JBJS Consultant Reviewer Guidelines

Revised June 28, 2016

Introduction

Confidential high-quality reviews that are useful to authors and editors ensure that JBJS serves the international orthopaedic community of readers as the premier orthopaedic journal.

Content review is conducted by Consultant Reviewers, Guest Reviewers, and the Board of Associate Editors. Consultant Reviewers are orthopaedic surgeons or physicians or scientists from other disciplines who possess special expertise and who have demonstrated their willingness to perform timely and thorough manuscript reviews for JBJS, Inc. Guest Reviewers have special experience or knowledge on a specific topic. The Board of Associate Editors is composed of Consultant Reviewers who are selected on the basis of their interest and skill in the peer-review process. The Associate Editors are appointed to a 3-year term by the Editor-in-Chief. Associate Editors attend Workshops to discuss controversial manuscripts and review a larger number of manuscripts annually.

A methodological review is conducted for papers that have received a favorable content review and are being considered for publication. Methodological reviews are performed by the Deputy Editors for Methodology and Biostatistics or Consultant Reviewers for Methodology. The Deputy Editors for Methodology and Biostatistics have expertise in key methodological areas such as epidemiology, biostatistics, outcomes research, cost-effectiveness analysis, technology evaluation, and health-policy analysis.

This document describes the peer-review process at JBJS and provides information on how to review a manuscript for this journal.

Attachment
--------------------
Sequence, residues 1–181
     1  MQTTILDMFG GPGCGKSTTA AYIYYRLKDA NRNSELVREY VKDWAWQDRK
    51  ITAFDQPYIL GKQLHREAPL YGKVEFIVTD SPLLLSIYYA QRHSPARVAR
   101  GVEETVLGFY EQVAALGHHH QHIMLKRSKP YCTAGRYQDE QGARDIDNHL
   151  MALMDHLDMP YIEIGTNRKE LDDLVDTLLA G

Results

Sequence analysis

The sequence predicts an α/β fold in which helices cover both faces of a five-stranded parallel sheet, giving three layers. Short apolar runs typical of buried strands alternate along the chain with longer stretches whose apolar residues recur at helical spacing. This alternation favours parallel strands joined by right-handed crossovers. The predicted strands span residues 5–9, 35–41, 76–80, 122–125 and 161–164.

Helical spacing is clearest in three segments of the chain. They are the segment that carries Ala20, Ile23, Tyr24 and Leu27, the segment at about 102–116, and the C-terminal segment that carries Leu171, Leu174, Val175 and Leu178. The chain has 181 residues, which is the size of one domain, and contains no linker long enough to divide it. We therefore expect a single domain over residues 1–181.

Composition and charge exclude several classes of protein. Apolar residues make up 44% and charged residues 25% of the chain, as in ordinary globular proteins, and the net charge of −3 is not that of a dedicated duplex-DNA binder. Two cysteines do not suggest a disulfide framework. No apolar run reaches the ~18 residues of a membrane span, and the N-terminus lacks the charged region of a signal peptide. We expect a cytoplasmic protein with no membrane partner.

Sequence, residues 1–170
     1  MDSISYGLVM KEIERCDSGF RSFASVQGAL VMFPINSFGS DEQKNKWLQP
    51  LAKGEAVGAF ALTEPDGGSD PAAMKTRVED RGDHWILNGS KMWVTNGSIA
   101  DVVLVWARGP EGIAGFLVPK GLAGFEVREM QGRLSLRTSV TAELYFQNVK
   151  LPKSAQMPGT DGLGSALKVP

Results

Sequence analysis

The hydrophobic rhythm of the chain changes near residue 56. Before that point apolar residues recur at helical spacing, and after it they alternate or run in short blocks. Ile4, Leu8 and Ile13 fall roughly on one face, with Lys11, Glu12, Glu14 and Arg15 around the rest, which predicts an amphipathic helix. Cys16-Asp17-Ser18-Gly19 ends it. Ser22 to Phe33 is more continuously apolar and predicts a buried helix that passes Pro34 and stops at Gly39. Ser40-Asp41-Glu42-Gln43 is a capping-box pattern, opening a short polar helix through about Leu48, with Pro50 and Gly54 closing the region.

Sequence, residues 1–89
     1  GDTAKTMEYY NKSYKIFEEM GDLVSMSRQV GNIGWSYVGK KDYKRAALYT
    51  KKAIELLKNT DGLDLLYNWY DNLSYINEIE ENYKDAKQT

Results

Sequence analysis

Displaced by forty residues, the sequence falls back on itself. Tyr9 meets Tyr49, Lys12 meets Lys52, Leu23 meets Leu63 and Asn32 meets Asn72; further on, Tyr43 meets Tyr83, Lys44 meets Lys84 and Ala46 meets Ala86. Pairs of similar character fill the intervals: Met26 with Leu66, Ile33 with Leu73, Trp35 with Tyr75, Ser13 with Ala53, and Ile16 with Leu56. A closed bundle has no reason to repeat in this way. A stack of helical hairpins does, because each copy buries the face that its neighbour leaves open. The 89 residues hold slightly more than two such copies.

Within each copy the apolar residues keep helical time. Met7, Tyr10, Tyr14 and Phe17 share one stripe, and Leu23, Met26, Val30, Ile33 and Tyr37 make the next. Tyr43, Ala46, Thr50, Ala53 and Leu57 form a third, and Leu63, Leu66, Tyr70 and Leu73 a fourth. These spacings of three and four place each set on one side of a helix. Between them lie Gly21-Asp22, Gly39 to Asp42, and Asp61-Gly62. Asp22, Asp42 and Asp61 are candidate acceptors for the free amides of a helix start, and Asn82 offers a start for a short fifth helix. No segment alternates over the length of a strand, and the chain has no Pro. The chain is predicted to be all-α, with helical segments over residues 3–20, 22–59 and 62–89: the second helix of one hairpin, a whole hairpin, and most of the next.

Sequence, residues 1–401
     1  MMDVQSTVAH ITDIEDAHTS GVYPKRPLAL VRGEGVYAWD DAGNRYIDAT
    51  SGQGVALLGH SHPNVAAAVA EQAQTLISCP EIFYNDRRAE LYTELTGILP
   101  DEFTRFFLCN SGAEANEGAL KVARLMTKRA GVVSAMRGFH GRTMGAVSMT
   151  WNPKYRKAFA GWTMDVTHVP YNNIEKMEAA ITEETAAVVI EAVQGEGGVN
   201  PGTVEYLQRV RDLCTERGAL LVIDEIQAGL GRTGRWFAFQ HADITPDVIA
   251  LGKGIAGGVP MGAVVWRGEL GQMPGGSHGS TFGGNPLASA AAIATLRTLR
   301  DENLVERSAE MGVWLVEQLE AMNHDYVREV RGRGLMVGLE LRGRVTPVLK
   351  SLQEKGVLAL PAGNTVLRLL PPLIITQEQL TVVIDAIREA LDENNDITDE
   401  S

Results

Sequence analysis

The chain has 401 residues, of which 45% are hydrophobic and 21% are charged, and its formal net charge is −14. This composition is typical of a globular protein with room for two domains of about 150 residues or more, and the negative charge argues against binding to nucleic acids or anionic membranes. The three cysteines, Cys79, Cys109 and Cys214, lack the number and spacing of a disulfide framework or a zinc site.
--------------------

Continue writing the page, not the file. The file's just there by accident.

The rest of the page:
Overview of the JBJS Peer-Review Process

  1. An author submits a manuscript to JBJS.
  2. The Editorial Office assigns the manuscript to the Editor-in-Chief, who then assigns the paper to one of the Deputy Editors for review. On the basis of manuscript quality and editorial priorities, the handling Deputy Editor then decides either to reject the paper without further review or to proceed with peer review. "Reject Without Review" decisions are evaluated by the Editor-in-Chief prior to an editorial decision on the paper.
  3. The Deputy Editor invites Consultant Reviewers, Associate Editors, and/or Guest Reviewers to review the manuscript.
  4. Each of the reviewers evaluates the manuscript and returns a decision recommendation to the Deputy Editor.
  5. The Deputy Editor collates the reviews in a decision letter for the author and recommends (a) revision (major or minor), (b) rejection, or (c) acceptance to the Editor-in-Chief for final approval.
  6. The decision letter is sent to the Author.
  7. When the author submits a revised manuscript, it may be sent back to the reviewers for their comments regarding whether the author has addressed their concerns as well as to a Statistics and Methodology Editor for a methodological review if needed.

How to Review a Manuscript for JBJS

General Guidelines

  1. Do not rush to accept an invitation to review.
    • First, read the invitation, as the Deputy Editor may include information specific to this review that will help you decide whether to accept.